And as a reciprocal step, the Georgian side has been pursuing a policy of "peaceful reintegration" in relation to Sukhum and Tskhinval since the beginning of the 2010's. Providing primarily for the creation of free trade zones on both sides of the demarcation lines (that is, the borders of Abkhazia and South Ossetia with Georgia); the provision of medical and educational services to residents of these regions, including in their national language; easing restrictions on reciprocal trips.
These trade zones are already operating in the local border area, respectively, on both sides along the borders of the Leninogorsk district of South Ossetia and the Gali district with Georgia.
The point, of course, is not the “sympathy” of the West and Georgia for Abkhazia and South Ossetia, who more than have experienced the recent bloody aggression of the Georgian authorities, the consequences of which have not yet been completely eliminated. And the fact that Russia's allied relations with these countries significantly strengthen Russian geopolitical positions in the vast Black Sea-Caucasus region.
Moreover, for example, the Abkhazian coast of the Black Sea is a third of the length of the East Black Sea coast, and the southern border of South Ossetia is only 60 km from Tbilisi and, in addition, not far from Armenia, participating in pro-Russian blocs, that is, in the CSTO and EAEU. In addition, a small (only 1999 km) route passes through South Ossetia from 3, but nevertheless, part of the pipeline for Azerbaijani oil Baku-Tbilisi is the Georgian port of Supsa, from where it is transported to Western countries.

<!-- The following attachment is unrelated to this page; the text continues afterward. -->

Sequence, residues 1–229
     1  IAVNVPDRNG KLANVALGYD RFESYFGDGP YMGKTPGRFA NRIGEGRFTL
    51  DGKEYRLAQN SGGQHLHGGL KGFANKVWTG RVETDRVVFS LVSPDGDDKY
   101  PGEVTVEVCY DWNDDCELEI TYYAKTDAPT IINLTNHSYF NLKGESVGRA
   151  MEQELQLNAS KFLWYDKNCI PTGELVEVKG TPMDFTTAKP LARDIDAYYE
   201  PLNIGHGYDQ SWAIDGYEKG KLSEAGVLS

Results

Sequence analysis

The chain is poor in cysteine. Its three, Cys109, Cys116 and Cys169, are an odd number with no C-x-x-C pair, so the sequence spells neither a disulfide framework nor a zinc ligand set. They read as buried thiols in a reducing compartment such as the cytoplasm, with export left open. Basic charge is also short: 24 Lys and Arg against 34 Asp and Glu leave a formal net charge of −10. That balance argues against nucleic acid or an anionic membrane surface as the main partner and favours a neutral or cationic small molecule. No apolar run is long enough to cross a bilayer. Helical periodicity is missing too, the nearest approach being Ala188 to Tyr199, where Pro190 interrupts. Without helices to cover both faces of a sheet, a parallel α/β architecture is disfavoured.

Note, up to 80% of the oil volume for this artery is extracted by Western companies. Obviously, the stable operation of this route is a strategic task of Western business and Western politicians. The leadership of the transnational consortium (AIOC), which manages the pipeline, has repeatedly stated that, contrary to the forecasts of the Georgian authorities, there are no and are not expected disruptions in its work in South Ossetian territory.